It’s quite possible that Citroen’s plan to produce a sub-set of DS-labelled niche vehiclesusing its mainstream hardware has been part-triggered by its inability to break its discounting habit.

The company appears to find it near-impossible to sell a car without a juicy incentive attached to it. Since Citroens aren’t that expensive in the first place, it’s easy to see that substantial profits are hard to come by.

So building some more desirable, lower-volume models sounds like a good way to improve its profit margins - provided we want them badly enough that Citroen doesn’t need to pay the VAT on the car to induce us to ink the cheque.

We might have to pay a little more for these Citroens, but we might want to, not least because they may encourage the company’s increasingly inspired design department to direct its creativity towards models that we can actually buy.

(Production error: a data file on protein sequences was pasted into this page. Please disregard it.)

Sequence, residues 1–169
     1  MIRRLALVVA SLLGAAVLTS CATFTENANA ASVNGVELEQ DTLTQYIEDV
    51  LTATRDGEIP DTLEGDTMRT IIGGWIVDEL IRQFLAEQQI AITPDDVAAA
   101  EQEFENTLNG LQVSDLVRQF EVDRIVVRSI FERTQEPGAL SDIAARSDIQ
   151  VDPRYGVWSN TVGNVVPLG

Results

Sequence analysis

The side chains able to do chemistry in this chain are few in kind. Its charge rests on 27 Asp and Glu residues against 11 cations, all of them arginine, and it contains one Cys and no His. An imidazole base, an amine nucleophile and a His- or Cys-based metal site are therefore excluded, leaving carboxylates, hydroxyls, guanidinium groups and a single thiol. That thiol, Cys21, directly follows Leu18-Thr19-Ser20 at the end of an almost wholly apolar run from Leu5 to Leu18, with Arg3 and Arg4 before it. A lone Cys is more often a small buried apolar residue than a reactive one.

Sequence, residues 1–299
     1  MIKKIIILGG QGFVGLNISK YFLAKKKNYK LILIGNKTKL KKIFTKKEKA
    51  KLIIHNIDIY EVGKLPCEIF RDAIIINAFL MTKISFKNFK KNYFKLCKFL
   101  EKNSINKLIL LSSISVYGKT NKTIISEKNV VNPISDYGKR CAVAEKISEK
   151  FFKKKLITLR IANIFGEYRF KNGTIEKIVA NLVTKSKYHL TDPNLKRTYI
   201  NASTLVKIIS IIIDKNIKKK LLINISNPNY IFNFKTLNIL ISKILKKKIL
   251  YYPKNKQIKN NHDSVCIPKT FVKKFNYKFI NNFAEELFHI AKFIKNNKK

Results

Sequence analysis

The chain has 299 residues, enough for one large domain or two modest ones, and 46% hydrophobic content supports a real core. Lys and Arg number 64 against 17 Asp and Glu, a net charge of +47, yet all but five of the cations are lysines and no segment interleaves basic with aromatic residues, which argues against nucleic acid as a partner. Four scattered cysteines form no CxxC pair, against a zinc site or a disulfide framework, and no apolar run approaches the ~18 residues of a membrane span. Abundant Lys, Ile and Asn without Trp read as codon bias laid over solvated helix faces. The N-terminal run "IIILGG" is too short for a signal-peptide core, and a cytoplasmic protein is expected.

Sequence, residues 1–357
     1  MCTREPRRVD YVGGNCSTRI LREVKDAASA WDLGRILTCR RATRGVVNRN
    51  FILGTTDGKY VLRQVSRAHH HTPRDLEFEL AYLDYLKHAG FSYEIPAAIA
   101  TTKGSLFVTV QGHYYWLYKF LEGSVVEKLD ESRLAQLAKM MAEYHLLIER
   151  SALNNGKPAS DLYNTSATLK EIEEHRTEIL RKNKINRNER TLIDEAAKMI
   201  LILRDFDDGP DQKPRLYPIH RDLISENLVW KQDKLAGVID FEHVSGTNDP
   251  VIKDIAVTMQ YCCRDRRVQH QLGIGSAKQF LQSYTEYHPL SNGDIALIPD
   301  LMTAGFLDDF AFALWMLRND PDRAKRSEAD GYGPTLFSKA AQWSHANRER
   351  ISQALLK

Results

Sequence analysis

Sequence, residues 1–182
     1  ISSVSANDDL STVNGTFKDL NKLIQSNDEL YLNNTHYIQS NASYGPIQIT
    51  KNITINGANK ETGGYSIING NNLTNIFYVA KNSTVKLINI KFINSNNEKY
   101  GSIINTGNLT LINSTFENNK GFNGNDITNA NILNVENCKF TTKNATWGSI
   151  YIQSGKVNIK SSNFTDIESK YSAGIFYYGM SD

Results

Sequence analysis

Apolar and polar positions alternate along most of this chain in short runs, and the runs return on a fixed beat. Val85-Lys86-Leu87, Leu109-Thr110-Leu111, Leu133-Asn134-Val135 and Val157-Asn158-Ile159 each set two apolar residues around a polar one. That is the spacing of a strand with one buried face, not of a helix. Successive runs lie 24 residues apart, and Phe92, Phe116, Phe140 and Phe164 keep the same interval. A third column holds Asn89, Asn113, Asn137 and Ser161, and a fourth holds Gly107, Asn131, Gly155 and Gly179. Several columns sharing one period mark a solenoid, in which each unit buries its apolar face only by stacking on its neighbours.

True, the C4, C4 Picasso, Pluriel and C6 are pretty stylish - strangely, the company seems to get little credit for that - but look at concepts like the Hypnos, the GT, the beautiful C-Metisse and C-Airdream, and it seems reasonable to get a little excited about what might come next.